Participants will be picked up in Viveiro; for travel options to Viveiro, see http://bravosfoundry.com/basic-information/
If people arrive at the same time and there is no good connection by public transport, there may be a possibility to be picked up from Santiago or a Coruña airport by car.
Apart from organizing workshops, the Foundry offers affordable retreats for writers and artists. If you are interested in staying longer at the Foundry apart from the workshop, please state this in your application. Accommodation fees are currently 6 euros per night. Note that there will be a summer closing party at the Foundry on the 30th of August (and a summer closing festival in Viveiro the week before).
We welcome applications from thinkers and artists at any stage in their career. Please write ca. 300 words describing your interest in the subject, and provide separately information on any relevant background and training (e.g., a short biography, a CV, a link to your website, etc.). If you have a personal research project you would like to present, please also provide a short abstract of up to 500 words articulating its relevance to the workshop theme. Please send your applications by the 8th of July to email@example.com.
Hansun Hsiung is a postdoctoral fellow at the Max Planck Institute for the History of Science. His work addresses themes of media, epistemology, and communications within the context of the global nineteenth century.
Roland Bolz is pursuing a PhD in philosophy on the subject of analogical thinking and its relevance to philosophical concept formation. He is also interested in humor theory and continental philosophy.
From July 29 until August 2, Joshua Fineberg (composer), Michelle Lou (composer/performer/sound artist), Christian Smith (performer – percussion) and Jared Redmond (composer/performer – piano) will be hosting an exploration of collaboration in the arts (with an emphasis on sound). More info on their Facebook page: https://www.facebook.com/bravoslaboratory/
Last year we started a vegetable garden at the foundry and in August a group of German students came to analyze the soil and to plan a structure for the space. The garden is in an area with a slight slope so the conclusion was to build terraces for the vegetable garden. The work was very good and we finished building one terrace last summer.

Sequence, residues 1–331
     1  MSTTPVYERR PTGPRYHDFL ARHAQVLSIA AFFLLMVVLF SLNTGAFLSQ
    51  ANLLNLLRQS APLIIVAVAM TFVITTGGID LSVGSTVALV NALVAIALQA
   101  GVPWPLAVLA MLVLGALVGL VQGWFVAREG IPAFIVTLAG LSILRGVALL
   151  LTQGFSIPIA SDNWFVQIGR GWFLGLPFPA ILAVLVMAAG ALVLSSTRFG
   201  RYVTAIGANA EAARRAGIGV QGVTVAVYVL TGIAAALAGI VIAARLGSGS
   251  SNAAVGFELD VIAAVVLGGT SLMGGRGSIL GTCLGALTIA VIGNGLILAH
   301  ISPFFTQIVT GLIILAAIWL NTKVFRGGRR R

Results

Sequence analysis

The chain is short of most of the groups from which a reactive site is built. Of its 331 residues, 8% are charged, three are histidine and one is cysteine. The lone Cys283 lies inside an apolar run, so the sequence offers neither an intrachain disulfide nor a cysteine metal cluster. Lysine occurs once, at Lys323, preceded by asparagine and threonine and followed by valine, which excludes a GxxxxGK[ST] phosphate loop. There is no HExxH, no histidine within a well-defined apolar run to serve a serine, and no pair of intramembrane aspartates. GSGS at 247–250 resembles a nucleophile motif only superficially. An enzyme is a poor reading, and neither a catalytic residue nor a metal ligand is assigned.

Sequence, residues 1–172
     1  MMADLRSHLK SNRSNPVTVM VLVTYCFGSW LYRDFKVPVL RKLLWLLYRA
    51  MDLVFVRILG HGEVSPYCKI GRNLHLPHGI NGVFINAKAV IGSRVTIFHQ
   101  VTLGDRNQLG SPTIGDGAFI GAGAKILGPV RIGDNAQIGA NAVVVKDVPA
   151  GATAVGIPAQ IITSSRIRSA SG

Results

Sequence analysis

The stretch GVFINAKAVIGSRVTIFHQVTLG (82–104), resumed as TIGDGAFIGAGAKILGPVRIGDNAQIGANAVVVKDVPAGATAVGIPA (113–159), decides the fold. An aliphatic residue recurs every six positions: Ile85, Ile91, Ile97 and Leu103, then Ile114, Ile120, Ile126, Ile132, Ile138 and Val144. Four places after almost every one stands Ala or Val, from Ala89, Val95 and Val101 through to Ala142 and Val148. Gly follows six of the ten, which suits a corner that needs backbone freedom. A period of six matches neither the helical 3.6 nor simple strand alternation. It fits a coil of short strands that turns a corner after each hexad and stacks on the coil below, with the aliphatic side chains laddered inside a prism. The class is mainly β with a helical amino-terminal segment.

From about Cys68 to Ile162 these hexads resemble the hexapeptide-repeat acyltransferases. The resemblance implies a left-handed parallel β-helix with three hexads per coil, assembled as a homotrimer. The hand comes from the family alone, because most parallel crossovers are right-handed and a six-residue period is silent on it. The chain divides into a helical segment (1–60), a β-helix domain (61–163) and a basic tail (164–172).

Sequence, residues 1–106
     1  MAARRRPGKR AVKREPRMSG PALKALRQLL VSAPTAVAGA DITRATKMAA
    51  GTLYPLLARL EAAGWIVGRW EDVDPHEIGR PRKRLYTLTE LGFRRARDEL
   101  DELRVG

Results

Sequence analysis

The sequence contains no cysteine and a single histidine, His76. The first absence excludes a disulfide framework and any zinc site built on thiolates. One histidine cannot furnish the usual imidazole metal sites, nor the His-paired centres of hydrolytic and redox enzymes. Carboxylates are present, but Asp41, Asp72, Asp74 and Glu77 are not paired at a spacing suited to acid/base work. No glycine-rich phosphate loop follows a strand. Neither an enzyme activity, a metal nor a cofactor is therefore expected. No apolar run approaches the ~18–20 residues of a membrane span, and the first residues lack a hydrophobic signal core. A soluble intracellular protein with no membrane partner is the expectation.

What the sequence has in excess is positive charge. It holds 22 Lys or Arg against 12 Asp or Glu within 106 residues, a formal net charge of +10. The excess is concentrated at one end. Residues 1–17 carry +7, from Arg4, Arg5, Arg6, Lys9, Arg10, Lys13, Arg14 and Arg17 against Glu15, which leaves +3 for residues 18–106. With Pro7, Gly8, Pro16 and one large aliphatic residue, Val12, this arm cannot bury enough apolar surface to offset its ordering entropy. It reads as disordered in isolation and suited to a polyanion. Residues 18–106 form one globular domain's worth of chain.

In the spring the main work will be to reshape the slope into as many terraces as we have manpower for. A greenhouse for germination and vegetation is planned. End of April beginning of May the weather gets significantly much warmer and planting outside in the soil can begin.
The work will start in the beginning of April and we are grateful for every pair of hands that come and help us move dirt and stone. All experience of farming, gardening, permaculture and the likes is welcomed in a spirit of collaboration.
We want to produce clean and sustainable food for our volunteers and guests for the summer 2019.
We have a small collection of seeds, received as a gift from Synergistic Farm in Finland and are looking for more interesting seeds. For next season we currently have the following seeds (all from Synergistic Farm):
Garlic seeds (mixed variety)
Radish: plum (spring radish)
Melon: farthest north galia
Asia green mix: tatsoi, komatsuma, tendergreen, chirimen hakusai
Barley: Arabian blue
Pumpkins: candy roaster (Georgia)
Chili: Chinese five colors
Cucumber: early future
Cucumber: tendergreen burpless
Tomato: slava (Russian early)
Watermelon: sweet Siberian (Russian heirloom)
Come join our team in beautiful Galicia!
Awaiting eagerly the spring.
Love and light from Finland,
In March 2018, we first moved to the Foundry. Since then, we’ve had around 50 people, working on the space as well as on their own projects. We have undone some of the damage done by decades of abandonment, and while much remains to be done, by next summer the space will be ready for events. The bathrooms will be finished, and depending on our progress, there will be 10 to 15 usable bedrooms. If some people camp, share a room, or sleep in the church, we will be able to host at least 20 people (this number will double in the coming years).
For 2019, we are planning the following activities (not all of them are confirmed yet):